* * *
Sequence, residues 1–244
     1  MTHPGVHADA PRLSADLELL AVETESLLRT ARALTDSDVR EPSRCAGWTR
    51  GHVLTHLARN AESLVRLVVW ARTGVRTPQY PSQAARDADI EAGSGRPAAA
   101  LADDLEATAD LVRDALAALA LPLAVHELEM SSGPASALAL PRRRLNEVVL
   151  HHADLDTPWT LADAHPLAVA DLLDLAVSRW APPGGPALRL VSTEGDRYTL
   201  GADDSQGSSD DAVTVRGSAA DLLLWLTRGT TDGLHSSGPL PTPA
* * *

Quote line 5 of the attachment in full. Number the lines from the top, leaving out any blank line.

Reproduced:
   151  HHADLDTPWT LADAHPLAVA DLLDLAVSRW APPGGPALRL VSTEGDRYTL